Study Finds Migraines Lead to Permenant Brain Structure Impairments
Written by Alyssa Clark
Just when you think that migraines can’t get any worse— they do.
A recent study published in the journal of Neurology claims that migraines can be leading, permanent triggers to causing negative affects to long-term brain structure and an increase of brain lesions. The study’s primary authors looked at MRI brains scans of patients with common migraines or migraines with aura, in order to best evaluate the patients in the most fair and equal way.
According to the World Health Organization, “In the U.S. more than 37 million people suffer from migraines. Some migraine studies estimate that 13 percent of adults in the U.S. population have migraines, and 2-3 million migraine suffers are chronic.” The basic demographic for migraine or migraine aura suffers is: women (18 percent of women compared to 6 percent of men), people between the ages of 35 and 55, in lowest income groups and Caucasian people.
The scans of people with migraines or migraine aura, migraine aura is when people experience migraine symptoms before the full migraine occurs, were compared to scans of those not experiencing any migraines or migraine related symptoms to track brain changes and different lesions.
Concerned physicians and healthcare providers have long suspected a possible connection between these two neurologically-related problems, and are committed to understanding what they can do better in order to help patients suffering from these difficult ailments.
The research was done at the University of Denmark, where scientists analyzed six population-based studies and 13 clinical-based studies to diagnose if there was a significant link between migraines and brain lesions, brain volume changes or silent abnormalities. The study reported that, “those who had migraines with aura showed a 68% increased risk of white matter brain lesions, compared with those who did not have migraines”.
Symptoms of migraines or migraine aura should not be ignored, and anyone experiencing these symptoms should be encouraged to and receive medical attention in order to prevent any long-term brain lesions from occurring. Symptoms can vary, but usually include: throbbing pulsating pain, light sensitivity, sound sensitivity, nausea, pain on one side, vision changes or blurred vision, aura and vomiting.
The World Health Organization also conducted a study measuring the amount of work being missed by people plagued with these ailments. The study “estimates the loss of productivity in the U.S. to be between $5.6 billion to $17.2 billion per year because of missed work. The average migraine sufferer misses two days of work per year. Some who suffer from persistent migraines work during a migraine attack, which they say lowers productivity. It is estimated that migraines are the reason for 36 million days of bed rest, plus 21.5 million days of restricted activity”.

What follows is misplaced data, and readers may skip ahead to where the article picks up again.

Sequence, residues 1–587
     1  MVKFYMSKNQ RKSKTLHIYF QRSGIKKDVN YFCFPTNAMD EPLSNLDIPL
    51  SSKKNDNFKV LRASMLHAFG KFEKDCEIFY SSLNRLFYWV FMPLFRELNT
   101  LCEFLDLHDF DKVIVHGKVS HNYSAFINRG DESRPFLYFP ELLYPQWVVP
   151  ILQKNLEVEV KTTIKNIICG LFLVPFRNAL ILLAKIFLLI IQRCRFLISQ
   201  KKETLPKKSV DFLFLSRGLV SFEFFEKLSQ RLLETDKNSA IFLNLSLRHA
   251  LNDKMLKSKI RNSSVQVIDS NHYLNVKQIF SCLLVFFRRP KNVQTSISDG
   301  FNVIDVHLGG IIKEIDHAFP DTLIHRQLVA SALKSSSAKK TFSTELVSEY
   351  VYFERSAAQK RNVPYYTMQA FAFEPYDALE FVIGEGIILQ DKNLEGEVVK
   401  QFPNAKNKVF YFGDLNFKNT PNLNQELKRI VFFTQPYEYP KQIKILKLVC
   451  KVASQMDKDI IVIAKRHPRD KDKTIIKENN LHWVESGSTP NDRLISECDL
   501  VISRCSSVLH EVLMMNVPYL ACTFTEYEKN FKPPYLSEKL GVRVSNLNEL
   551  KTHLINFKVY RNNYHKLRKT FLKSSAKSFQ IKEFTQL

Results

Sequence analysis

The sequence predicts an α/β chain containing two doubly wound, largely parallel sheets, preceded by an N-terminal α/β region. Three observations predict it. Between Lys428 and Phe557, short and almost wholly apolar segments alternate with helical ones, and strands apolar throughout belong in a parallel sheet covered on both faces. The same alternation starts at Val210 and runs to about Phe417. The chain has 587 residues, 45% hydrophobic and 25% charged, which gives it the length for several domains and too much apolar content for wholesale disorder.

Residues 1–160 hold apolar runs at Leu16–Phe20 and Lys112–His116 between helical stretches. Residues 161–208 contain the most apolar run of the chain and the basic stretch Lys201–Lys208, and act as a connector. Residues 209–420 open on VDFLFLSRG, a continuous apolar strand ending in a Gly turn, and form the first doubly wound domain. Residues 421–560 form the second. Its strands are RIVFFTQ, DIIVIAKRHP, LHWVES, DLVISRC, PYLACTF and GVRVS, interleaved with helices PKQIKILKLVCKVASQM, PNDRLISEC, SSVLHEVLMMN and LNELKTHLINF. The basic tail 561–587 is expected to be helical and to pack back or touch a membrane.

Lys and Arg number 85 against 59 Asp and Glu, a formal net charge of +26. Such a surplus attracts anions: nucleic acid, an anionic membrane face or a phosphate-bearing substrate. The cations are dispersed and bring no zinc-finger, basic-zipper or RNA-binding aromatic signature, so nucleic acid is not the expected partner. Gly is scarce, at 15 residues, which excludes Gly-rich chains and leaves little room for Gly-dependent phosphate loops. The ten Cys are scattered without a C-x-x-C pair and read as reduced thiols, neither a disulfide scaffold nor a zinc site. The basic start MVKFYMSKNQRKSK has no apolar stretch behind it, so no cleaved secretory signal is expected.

About the Author
Alyssa Clark is the Editor of Healthcare Global
Skin Analytics wins NHSX award for AI skin cancer tool
An artificial intelligence-driven tool that identifies skin cancers has received an award from NHSX, the NHS England and Department of Health and Social Care's initiative to bring technology into the UK's national health system.
NHSX has granted the Artificial Intelligence in Health and Care Award to DERM, an AI solution that can identify 11 types of skin lesion.
Developed by Skin Analytics, DERM analyses images of skin lesions using algorithms. Within primary care, Skin Analytics will be used as an additional tool to help doctors with their decision making.
In secondary care, it enables AI telehealth hubs to support dermatologists with triage, directing patients to the right next step. This will help speed up diagnosis, and patients with benign skin lesions can be identified earlier, redirecting them away from dermatology departments that are at full capacity due to the COVID-19 backlog.
Cancer Research has called the impact of the pandemic on cancer services "devastating", with a 42% drop in the number of people starting cancer treatment after screening.
DERM is already in use at University Hospitals Birmingham and Mid and South Essex Health & Care Partnership, where it has led to a significant reduction in unnecessary referrals to hospital.
Now NHSX have granted it the Phase 4 AI in Health and Care Award, making DERM available to clinicians across the country. Overall this award makes £140 million available over four years to accelerate the use of artificial intelligence technologies which meet the aims of the NHS Long Term Plan.
Dr Lucy Thomas, Consultant Dermatologist at Chelsea & Westminster Hospital, said: “Skin Analytics’ receipt of this award is great news for the NHS and dermatology departments. It will allow us to gather real-world data to demonstrate the benefits of AI on patient pathways and workforce challenges.
"Like many services, dermatology has severe backlogs due to the COVID-19 pandemic. This award couldn't have come at a better time to aid recovery and give us more time with the patients most in need of our help.”